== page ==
Thursday, September 23, 2021

Piper PA-28R-200 Cherokee Arrow II, N3906X: Fatal accident occurred September 22, 2021 in Page, Coconino County, Arizona

This is preliminary information, subject to change, and may contain errors. Any errors in this report will be corrected when the final report has been completed.

The National Transportation Safety Board traveled to the scene of this accident.

Additional Participating Entities:
Federal Aviation Administration / Flight Standards District Office; Las Vegas, Nevada
Lycoming Engines; Williamsport, Pennsylvania
Piper Aircraft Company; Vero Beach, Florida 

Petersen Aircraft Inc

Location: Page, AZ
Accident Number: WPR21FA352
Date & Time: September 22, 2021, 16:24 Local
Registration: N3906X
Aircraft: Piper PA-28R-200 
Injuries: 1 Fatal, 1 Serious
Flight Conducted Under: Part 91: General aviation - Personal

On September 22, 2021, about 1624 mountain standard time, a Piper PA-28R-200, N3906X, was substantially damaged when it was involved in an accident near Page, Arizona. The pilot was fatally injured and the passenger sustained serious injuries. The airplane was operated as a Title 14 Code of Federal Regulations Part 91 personal flight.

Automatic dependent surveillance broadcast (ADS-B) data obtained from the Federal Aviation Administration captured the airplane’s climb out at 1211 Pacific daylight time about 1 nm north of its departure airport in San Martin, California. The mean sea level (msl) altitudes below are reported as geometric altitudes and were obtained from the ADS-B data. The airplane slowly turned to the southeast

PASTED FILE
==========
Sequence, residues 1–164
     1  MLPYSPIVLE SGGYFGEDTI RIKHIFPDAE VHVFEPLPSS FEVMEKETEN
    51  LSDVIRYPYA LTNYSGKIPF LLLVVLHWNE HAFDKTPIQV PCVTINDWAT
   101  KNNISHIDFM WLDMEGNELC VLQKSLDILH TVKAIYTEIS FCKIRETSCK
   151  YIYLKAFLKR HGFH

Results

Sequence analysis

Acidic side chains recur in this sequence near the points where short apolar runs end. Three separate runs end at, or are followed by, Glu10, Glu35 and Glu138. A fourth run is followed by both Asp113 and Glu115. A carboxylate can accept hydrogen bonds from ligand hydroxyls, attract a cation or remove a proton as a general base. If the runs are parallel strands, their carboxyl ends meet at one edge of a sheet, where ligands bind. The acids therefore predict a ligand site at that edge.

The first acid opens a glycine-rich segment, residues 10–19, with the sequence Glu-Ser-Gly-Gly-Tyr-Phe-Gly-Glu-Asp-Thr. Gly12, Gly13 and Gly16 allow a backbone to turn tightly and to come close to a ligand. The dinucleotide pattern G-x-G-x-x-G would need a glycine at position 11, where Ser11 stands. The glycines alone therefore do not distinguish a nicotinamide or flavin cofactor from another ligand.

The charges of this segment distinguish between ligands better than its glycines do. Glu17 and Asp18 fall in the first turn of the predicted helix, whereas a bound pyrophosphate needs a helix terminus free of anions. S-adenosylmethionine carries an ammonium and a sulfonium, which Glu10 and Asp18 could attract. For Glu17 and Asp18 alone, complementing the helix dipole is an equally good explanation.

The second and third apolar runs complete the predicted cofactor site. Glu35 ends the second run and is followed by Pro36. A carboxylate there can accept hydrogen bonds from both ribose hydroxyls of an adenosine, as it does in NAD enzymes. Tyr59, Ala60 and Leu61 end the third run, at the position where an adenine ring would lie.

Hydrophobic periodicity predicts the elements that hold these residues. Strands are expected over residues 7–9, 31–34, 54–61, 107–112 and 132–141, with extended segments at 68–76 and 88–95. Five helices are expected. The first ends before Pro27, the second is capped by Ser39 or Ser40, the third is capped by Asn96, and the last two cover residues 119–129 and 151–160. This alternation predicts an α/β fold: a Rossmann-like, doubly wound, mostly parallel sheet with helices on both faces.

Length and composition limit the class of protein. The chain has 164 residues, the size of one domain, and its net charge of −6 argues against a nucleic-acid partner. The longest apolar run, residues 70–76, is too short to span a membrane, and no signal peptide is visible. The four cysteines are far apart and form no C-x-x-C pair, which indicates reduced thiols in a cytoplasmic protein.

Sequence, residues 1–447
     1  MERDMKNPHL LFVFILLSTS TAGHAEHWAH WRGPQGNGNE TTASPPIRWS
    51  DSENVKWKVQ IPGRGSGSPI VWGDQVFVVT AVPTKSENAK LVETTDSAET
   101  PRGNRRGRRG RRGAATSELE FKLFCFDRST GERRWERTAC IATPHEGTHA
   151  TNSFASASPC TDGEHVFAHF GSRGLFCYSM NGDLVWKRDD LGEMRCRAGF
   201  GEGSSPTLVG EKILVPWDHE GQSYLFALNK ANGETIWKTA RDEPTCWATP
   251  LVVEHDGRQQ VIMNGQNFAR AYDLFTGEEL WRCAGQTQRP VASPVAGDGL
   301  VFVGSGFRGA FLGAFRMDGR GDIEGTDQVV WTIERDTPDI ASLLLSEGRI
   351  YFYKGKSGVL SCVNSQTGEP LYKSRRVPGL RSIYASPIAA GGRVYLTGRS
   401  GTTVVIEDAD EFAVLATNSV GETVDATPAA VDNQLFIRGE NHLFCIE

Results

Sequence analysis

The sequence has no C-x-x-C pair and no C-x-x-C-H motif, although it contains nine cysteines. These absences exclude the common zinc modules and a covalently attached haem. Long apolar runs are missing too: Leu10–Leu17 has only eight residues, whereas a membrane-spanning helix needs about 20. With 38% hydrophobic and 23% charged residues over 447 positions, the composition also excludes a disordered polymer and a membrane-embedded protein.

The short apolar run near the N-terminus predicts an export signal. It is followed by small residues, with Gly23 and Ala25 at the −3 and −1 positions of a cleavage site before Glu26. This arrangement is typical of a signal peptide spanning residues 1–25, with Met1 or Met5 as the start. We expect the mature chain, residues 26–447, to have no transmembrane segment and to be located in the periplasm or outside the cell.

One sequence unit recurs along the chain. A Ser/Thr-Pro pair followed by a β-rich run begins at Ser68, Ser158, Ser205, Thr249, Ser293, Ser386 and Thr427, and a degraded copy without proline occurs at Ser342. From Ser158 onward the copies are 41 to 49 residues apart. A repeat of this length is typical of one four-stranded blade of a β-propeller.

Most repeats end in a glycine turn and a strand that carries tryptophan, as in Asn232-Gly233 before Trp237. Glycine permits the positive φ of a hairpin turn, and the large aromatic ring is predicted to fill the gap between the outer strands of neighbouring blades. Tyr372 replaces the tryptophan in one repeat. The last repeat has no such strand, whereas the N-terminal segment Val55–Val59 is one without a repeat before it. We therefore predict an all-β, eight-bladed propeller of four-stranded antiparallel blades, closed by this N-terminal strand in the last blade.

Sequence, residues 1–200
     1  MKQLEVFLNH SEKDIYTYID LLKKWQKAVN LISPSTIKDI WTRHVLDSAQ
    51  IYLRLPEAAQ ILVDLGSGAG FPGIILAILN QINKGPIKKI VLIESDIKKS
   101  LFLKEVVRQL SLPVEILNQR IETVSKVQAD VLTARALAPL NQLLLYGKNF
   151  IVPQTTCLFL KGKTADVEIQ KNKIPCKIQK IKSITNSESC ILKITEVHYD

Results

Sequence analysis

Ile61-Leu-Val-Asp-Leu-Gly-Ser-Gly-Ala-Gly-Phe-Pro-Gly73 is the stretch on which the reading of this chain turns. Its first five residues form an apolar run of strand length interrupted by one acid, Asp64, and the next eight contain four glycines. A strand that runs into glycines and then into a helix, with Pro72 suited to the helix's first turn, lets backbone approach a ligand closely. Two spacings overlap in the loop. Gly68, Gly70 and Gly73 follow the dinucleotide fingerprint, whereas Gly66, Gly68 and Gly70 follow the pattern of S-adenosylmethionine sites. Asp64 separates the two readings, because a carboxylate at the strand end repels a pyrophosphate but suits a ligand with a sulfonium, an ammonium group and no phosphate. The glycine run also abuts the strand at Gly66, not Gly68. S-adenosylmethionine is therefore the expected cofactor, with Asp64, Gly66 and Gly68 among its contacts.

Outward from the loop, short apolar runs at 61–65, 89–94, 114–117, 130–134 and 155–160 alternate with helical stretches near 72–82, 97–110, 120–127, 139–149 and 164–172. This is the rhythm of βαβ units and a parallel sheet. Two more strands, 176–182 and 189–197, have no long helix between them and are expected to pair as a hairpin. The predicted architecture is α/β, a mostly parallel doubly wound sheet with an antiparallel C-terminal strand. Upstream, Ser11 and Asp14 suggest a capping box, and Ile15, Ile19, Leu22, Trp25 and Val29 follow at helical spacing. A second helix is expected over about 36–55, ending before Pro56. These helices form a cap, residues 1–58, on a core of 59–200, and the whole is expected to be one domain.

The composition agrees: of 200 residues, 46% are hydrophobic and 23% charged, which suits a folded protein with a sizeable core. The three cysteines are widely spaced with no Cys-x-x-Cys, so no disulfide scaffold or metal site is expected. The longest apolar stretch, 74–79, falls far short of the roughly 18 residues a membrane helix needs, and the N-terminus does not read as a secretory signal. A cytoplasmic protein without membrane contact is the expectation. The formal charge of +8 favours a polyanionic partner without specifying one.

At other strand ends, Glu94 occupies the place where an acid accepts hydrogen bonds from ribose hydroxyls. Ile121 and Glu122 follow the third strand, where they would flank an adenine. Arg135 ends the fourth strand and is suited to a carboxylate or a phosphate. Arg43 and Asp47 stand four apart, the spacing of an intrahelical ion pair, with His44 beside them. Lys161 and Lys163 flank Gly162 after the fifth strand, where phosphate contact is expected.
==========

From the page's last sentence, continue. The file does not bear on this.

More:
as it continued to climb. At 1302, the airplane reached a cruise altitude of about 12,000 ft msl and subsequently turned to the south about 15 minutes later, at which time it arced around the southern base of the Sequoia National Forest. At 1528, the airplane descended to about 7,700 ft msl while passing to the north of Las Vegas, Nevada. The airplane then descended further about 1615 and 30 nm west of
Page Municipal Airport (PGA), Page, Arizona near the Vermilion Cliffs National Monument to about 7,250 ft msl (1,100 ft above ground level (agl). At 1623, the airplane descended to about 6,600 ft msl where it remained until about 1623:46 when it began its final descent from 500 ft agl. The final ADS-B data point was captured at 1624:15, when the airplane was 200 ft agl and about 0.5 nm northwest of the accident site.

The airplane was located about 11 nm west of PGA on a mesa at a field elevation of about 6,150 ft msl. The airplane came to rest at a level attitude on a heading of 227° magnetic. The first point of impact (FPI) was identified by a 12-foot-tall Juniper tree and several broken tree branches. A debris path was marked by parallel ground scars that began about 20 ft forward of the FPI and was oriented on a heading of 155° magnetic. The outboard right stabilator was located on the left side of the debris path.